This recipe isn’t anything to do with baking or fermenting things but it came out of my kitchen and caused me such a lot of grief that I wanted the eventual triumphant result recorded here for posterity.
January is the time of year that Seville Oranges are in the shops – it’s such a short season so you have to grab them when you can. I do love marmalade – there’s nothing quite like it on wholemeal toast or homemade soda bread (I have a great recipe for this). Now there is no escaping the fact that making marmalade is a bit of a faff. You do need a preserving pan or a wide-mouthed stockpot. You need a fair bit of patience to chop up all the peel into the right sized pieces and a fair bit of time to actually do the boiling, jar sterilising and potting up.
Because it is such an infrequent activity I do find it hard to recall exactly how I did it the previous year. I also know that it has been the one kitchen project that has the worst success rate in my house. I reckon the edibility ’hit rate’ I’ve managed to achieve is only about 60%. Probably the randomness of my recipe choice hasn’t helped (they do vary) and although last years batch definitely had ‘spoonable’ quality about the texture it did set enough to call it marmalade. This years first attempt, after studiously examining several recipes, resulted in something that really resembled runny orange syrup…with bits in. It didn’t set AT ALL. I even reboiled it and bunged in a bottle of pectin hoping that would do the trick but no. It was way too liquid. The recipe I tried to follow was from ‘Leiths Cookery Bible’ which has to be one of my most revered cookery books, the quality and reliability of the recipes has been excellent… until Le Grand Marmalade Debacle of January 2013. Over the course of 48 hours I scrubbed, juiced and chopped the oranges. Left the pips soaking in the juice and 3 Litres of water overnight before simmering… for hours… which meant copious mopping up of condensation from the kitchen walls and windows on a cold January day before boiling furiously after adding the previously warmed preserving sugar. It reached the prescribed temperature 106ºC but it didn’t appear to set when I tested it on the plate freshly plucked from the freezer. So I boiled it some more… mopped the windows again… tested it again… still not setting. After 90 minutes or so repeating this routine I tired of it. The sterilised jars had been kept in the oven all the while - staying sterilised. So I potted it anyway. Of course it didn’t set in the jar. (My fuel bill preparing this must far outweight the cost of buying the darned stuff from the supermarket several times over). I despaired and in my mind I was threatening to slap the back of Prue Leith’s legs if I ever got hold of her (homemade preserves get me like that). The next day I added a bottle of pectin and tried reboiling, washed and re-sterilised the jars (yawn) but still no joy. Orange syrup prevailed.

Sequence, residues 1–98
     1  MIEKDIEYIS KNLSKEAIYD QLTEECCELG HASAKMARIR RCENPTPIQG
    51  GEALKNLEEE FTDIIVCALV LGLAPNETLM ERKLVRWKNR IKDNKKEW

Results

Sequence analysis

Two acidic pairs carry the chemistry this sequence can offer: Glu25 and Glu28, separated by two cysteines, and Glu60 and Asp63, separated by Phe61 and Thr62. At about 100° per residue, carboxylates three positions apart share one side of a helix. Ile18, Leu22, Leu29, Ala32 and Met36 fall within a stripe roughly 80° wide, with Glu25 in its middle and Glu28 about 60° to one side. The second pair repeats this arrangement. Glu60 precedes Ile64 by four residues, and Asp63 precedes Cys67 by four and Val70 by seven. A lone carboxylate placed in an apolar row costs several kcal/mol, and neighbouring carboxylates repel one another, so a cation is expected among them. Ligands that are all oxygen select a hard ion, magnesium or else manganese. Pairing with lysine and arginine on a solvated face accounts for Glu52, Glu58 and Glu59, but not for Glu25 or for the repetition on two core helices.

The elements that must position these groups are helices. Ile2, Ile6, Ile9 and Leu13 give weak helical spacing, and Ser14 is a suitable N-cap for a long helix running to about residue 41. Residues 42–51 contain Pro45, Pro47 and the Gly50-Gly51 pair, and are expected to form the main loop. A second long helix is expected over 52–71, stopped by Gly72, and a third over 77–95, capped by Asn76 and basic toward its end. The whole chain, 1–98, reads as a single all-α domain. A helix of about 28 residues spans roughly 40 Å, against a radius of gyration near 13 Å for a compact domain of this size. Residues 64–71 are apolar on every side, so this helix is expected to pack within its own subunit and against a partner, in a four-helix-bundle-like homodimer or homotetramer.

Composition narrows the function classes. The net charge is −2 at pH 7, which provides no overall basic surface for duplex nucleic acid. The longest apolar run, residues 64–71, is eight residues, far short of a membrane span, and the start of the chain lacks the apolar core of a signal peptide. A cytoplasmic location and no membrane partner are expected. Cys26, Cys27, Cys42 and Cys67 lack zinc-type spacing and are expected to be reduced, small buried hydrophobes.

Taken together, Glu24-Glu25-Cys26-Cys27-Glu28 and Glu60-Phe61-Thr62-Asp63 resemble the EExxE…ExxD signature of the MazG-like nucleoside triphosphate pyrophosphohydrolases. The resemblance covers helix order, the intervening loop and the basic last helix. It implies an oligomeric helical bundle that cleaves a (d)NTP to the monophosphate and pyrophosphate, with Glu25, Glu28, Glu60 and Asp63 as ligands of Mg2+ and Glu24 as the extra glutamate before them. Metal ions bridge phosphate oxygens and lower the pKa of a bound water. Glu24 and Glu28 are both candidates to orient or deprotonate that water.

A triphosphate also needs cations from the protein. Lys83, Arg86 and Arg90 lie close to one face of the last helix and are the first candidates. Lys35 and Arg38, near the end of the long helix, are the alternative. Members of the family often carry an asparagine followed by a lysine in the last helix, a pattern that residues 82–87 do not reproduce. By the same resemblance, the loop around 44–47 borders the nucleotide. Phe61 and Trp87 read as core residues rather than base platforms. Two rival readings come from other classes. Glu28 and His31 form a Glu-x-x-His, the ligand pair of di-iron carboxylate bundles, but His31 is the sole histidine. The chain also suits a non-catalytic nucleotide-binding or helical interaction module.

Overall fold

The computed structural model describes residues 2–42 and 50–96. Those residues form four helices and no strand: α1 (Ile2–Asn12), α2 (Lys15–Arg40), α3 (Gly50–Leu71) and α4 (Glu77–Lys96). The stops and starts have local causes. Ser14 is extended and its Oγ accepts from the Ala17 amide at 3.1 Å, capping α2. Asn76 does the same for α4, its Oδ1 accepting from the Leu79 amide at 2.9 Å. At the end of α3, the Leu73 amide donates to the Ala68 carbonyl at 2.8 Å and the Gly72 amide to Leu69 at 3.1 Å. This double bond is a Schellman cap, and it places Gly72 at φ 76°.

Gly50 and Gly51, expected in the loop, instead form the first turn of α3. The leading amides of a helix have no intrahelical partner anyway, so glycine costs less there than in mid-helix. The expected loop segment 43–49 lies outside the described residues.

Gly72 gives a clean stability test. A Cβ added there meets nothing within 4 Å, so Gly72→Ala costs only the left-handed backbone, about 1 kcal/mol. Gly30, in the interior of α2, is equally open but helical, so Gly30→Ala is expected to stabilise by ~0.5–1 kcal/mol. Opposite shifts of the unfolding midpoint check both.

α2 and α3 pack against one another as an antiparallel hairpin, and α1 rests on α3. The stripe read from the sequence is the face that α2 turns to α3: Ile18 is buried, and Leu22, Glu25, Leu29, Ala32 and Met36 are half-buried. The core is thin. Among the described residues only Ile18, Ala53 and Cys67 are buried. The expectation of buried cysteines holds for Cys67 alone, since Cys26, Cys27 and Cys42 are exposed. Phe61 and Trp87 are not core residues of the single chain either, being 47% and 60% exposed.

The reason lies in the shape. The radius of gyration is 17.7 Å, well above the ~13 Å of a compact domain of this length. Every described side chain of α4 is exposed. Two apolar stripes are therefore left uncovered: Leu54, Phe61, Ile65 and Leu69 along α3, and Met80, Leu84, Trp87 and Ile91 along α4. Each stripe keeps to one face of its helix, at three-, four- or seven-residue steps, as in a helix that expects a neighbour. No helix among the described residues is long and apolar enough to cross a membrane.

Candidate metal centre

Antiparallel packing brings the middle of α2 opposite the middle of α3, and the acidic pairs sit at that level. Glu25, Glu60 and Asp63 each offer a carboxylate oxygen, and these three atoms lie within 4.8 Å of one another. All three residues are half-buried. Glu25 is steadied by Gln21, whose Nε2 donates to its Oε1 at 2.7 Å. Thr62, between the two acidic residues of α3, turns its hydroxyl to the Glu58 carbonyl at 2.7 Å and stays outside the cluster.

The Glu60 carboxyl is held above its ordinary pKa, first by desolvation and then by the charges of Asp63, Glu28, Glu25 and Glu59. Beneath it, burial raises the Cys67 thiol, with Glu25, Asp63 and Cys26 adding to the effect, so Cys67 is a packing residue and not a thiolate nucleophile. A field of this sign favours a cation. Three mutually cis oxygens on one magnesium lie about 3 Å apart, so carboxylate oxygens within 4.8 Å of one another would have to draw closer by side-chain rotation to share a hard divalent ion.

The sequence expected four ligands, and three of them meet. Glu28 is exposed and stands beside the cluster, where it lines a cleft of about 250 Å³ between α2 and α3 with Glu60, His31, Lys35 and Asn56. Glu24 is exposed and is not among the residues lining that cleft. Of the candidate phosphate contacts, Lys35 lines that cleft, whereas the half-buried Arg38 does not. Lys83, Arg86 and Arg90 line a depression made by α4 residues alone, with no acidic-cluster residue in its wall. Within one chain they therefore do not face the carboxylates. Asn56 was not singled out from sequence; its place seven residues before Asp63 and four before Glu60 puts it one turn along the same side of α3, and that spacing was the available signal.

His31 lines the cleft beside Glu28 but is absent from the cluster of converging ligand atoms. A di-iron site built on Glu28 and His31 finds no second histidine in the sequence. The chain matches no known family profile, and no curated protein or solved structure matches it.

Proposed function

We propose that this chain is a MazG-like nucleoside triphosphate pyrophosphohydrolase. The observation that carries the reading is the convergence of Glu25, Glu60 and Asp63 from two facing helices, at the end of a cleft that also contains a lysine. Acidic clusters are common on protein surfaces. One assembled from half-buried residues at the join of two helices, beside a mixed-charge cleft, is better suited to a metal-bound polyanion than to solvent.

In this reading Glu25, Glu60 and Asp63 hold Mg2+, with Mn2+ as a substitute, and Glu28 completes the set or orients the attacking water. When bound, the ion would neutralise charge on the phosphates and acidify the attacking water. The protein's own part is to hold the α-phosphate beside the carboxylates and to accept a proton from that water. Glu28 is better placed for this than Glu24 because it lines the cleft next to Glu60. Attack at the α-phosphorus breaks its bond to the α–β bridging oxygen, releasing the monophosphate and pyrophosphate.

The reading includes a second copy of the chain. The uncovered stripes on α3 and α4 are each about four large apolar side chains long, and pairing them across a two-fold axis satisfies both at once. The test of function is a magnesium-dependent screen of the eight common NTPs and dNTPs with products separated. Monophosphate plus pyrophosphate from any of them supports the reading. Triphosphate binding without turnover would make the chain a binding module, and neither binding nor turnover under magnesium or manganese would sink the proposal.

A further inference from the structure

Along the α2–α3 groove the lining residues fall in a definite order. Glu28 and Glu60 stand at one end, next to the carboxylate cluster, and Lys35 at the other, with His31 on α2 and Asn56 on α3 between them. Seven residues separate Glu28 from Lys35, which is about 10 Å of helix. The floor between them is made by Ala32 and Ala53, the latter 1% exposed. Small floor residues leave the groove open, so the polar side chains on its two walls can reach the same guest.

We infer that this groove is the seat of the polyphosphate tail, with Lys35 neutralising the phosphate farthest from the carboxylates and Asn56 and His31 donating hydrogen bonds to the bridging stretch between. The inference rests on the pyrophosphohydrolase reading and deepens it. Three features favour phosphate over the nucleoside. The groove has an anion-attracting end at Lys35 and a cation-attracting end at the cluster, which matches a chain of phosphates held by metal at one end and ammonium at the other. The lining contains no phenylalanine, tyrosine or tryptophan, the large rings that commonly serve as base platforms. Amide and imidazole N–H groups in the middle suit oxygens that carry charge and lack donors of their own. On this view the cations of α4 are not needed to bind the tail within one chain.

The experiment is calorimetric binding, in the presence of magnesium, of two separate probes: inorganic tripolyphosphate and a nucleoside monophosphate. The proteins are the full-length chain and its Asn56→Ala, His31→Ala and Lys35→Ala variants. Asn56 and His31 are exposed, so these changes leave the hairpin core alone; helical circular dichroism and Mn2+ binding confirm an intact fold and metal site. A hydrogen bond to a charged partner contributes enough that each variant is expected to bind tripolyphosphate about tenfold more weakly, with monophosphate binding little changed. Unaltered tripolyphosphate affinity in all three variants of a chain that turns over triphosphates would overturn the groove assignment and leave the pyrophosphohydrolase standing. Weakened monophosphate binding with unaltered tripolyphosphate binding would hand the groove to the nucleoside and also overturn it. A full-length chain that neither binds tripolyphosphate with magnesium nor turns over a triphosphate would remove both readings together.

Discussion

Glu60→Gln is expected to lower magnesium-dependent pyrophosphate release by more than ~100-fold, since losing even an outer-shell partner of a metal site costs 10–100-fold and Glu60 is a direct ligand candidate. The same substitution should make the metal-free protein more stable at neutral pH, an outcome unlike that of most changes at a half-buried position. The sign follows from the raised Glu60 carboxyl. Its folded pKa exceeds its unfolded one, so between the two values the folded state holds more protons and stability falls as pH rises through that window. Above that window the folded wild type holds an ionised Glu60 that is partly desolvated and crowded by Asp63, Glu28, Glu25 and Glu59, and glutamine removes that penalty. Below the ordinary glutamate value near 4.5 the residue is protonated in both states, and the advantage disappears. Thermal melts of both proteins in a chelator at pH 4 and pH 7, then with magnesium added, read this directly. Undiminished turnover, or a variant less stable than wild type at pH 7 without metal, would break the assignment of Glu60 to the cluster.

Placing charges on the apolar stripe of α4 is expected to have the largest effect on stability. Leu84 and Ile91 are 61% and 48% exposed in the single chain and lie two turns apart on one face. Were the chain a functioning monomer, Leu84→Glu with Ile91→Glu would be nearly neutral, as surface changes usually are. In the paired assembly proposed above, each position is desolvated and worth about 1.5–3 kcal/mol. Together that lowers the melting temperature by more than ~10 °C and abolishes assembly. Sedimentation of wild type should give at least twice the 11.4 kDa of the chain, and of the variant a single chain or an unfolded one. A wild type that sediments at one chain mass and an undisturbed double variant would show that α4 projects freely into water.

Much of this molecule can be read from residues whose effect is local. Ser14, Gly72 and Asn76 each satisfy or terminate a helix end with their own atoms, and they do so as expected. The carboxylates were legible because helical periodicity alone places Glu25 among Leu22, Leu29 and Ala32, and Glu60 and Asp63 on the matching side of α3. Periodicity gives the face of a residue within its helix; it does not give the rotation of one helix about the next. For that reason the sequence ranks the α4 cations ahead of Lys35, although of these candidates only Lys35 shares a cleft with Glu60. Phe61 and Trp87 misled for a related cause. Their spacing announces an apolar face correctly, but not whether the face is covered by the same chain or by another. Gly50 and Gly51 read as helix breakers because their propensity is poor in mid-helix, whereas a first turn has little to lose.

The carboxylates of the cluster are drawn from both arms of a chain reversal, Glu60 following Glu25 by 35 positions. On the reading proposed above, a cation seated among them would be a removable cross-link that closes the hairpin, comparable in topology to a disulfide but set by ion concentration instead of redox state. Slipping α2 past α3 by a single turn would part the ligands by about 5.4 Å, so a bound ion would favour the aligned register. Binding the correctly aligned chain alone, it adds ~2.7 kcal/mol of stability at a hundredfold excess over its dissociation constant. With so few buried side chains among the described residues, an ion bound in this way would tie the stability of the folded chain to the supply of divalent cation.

SO with my weekend in tatters I decided I’d give it another bash the following weekend if there were still any seville oranges on the shelf. I’m not easily thwarted by failure. There were oranges available but the shelves had been stripped bare of preserving sugar. I did manage to find some towards the end of the week in the third shop I visited, though a bemused shop assistant had to fetch some from the back of the store – he didn’t understand why this normally slow moving line was leaving the shelf as soon as he’d restocked it. It made me realise I’m not the only one spending their weekends this way. After binning the many jars of syrup that had been taunting me all week I started again. This time I thought – no naughty Prue Leith , no, no, no – I reject your recipe. I will try the one attached to the (second) 1kg bag of Organic oranges I bought from Waitrose.
1kg seville oranges (11 of them in the bag)
1 organic lemon
2 kg preserving sugar
2 litres water
Wash fruit, juice them, scrape the pith and pips into a muslin bag. Chop orange peel into whatever sized pieces you prefer (discard lemon peel). Put peel, juice, pips and water into a preserving pan and simmer for an hour or more until peel is soft. Squeeze out the muslin bag and discard. Add the sugar and stir until dissolved then bring to a rapid boil. Boil for 15 minutes removing any foamy scum that rises to the surface, bring it up to jam setting temperature (105 ºC) and do the ‘wrinkle test’ on a plate from the freezer. Boil a bit longer if it isn’t ready. Mine was ready after 15 minutes. Pot up in sterlised jars. Voila! This made five jars of clear, glossy marmalade that has set beautifully.
So now my apology to Prue Leith. As I sat down to write up this blog I thought that I would compare the two recipes I used. I know my first attempt was hugely more runny than the second batch, and for the same quantity of oranges I seemed to produce 4 jars fewer the second time around. What rot I hurumphed to myself, a weekend had been wasted on a duff recipe. Where could it have gone wrong? Ah. Yes… imagine my surprise when I recalled adding 6 jugs of water to the first batch of marmalade. 6 jugs = 3 litres – um – Prue’s recipe says to use 3… pints! I had misread the unit of measure. Oh dear.
I am so glad I never got the chance to mete out my imagined punishment to Saint Prue. She was quite right, I should have known better than to have doubted her for one minute. My complete faith in her recipes is thankfully restored. Sorry Prue :-D
I’m also pleased to have a batch of marmalade that will last me many months and this culinary anguish is over for another year.